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Friday, June 27, 2014

Sassetta


The Meeting of Saint Anthony and Saint Paul
c.1440
46.5 x 33.4 cm
tempera on panel
National Gallery of Art, Washigton DC, USA

Sassetta chose to ignore the recently discovered laws of perspective and methods of rendering form realistically. In this picture, he has reverted to the medieval book illustrators' technique of showing consecutive events simultaneously on a single panel and representing early Christian legends in contemporary settings.

Stefano di Giovanni di Consolo, known as il Sassetta (c.1392-c.1451) was an Italian painter who is considered one of the most important representatives of the early 15th century Sienese painters.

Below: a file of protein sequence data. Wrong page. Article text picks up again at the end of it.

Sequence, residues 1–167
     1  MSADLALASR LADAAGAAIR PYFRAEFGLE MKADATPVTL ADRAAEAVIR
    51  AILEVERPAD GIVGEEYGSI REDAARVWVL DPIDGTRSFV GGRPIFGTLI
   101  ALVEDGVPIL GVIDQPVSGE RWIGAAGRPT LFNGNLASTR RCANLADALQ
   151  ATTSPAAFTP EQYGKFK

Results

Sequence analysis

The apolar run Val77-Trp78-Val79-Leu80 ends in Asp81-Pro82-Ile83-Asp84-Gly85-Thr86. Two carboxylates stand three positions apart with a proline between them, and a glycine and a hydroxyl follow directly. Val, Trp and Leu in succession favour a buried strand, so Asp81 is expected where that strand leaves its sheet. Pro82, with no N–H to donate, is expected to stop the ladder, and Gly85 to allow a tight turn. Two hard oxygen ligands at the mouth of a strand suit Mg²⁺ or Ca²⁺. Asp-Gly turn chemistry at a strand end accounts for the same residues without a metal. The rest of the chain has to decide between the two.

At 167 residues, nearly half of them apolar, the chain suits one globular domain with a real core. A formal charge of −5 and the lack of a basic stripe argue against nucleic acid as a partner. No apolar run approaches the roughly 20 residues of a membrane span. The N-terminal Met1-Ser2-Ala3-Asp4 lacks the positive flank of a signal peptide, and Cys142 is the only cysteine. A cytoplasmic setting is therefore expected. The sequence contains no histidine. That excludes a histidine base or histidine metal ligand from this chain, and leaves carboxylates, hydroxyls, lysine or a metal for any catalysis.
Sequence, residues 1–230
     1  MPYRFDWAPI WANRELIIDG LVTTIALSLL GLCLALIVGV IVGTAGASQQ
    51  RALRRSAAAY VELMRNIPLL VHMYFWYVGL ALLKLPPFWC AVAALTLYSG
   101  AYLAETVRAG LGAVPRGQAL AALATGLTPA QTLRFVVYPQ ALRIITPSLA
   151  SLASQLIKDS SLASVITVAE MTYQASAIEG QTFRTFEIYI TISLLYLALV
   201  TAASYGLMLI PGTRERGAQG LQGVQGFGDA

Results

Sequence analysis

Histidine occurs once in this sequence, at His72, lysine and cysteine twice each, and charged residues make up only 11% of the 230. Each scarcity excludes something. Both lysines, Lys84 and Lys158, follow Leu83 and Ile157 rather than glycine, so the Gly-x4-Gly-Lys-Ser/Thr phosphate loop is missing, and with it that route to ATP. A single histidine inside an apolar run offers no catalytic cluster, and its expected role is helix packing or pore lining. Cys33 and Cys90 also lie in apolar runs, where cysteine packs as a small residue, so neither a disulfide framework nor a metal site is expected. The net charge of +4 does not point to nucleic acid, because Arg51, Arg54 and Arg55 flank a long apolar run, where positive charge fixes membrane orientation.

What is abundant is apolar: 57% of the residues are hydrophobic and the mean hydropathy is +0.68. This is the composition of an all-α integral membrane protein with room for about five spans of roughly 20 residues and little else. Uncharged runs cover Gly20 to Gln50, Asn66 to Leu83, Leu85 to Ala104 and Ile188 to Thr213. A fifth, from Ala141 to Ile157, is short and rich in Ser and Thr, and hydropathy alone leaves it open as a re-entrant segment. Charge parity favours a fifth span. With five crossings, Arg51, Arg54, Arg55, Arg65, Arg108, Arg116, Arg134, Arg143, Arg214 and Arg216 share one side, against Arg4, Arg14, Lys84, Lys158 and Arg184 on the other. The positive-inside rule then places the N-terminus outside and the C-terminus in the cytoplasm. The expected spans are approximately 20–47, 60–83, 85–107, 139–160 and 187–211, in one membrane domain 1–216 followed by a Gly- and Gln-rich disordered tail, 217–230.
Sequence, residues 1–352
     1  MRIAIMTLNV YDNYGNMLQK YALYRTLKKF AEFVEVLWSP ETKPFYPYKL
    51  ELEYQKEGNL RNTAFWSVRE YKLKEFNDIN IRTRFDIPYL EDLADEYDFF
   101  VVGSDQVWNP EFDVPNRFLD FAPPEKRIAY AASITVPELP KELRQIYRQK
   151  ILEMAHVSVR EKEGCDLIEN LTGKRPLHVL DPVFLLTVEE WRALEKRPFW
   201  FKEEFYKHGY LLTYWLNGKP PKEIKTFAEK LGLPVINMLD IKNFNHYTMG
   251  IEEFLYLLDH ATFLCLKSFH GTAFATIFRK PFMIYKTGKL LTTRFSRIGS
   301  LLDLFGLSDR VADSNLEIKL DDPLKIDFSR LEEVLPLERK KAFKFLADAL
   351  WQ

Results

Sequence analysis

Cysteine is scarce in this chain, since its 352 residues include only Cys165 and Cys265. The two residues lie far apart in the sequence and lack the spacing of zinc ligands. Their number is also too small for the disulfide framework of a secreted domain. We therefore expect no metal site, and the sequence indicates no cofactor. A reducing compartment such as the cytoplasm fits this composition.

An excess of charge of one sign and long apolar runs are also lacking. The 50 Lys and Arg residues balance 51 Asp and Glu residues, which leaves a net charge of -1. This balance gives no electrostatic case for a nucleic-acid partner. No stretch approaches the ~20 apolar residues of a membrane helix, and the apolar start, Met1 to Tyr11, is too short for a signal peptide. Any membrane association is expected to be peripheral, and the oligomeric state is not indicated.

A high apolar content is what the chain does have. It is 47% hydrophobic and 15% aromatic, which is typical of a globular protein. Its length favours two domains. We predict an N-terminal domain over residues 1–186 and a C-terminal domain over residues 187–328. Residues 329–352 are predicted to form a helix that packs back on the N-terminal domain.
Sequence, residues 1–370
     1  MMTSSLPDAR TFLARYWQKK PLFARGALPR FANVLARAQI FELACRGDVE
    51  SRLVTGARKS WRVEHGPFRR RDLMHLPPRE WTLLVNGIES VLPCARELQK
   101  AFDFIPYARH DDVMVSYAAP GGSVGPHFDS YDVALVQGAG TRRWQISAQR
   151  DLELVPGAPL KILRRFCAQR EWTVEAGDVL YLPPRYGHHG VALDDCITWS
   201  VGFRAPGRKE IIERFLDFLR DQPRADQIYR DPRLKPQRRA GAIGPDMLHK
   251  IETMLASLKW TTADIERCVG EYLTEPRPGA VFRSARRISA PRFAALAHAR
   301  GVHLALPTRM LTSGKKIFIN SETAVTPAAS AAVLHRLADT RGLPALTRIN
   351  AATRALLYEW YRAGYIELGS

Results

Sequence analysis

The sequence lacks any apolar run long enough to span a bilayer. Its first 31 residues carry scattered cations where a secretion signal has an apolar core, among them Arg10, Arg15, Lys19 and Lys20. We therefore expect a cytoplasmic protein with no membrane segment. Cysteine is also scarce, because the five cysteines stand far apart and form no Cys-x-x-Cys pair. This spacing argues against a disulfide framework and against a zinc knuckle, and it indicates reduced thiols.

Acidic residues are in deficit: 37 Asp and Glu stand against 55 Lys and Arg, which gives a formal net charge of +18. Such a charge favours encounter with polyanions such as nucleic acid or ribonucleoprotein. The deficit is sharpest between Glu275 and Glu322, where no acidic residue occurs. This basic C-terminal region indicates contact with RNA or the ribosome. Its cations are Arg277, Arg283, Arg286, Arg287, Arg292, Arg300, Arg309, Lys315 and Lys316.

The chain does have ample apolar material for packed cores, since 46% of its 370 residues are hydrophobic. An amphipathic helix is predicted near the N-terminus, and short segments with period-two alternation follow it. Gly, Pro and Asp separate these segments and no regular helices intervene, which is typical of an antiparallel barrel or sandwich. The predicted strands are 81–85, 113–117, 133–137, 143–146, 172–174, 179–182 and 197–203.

Many consider Sassetta's fusing of traditional and contemporary elements as integral to the move from the Gothic to the Renaissance style of painting in Siena. He mingles an innate conservatism, especially in his architectural structures, with a delight in the svelte forms of International Gothic figure design, and in the clarity and unity of Renaissance pictorial space.
Sassetta was a fiercely pious man, and the meaning of his nickname Sassetta is obscure.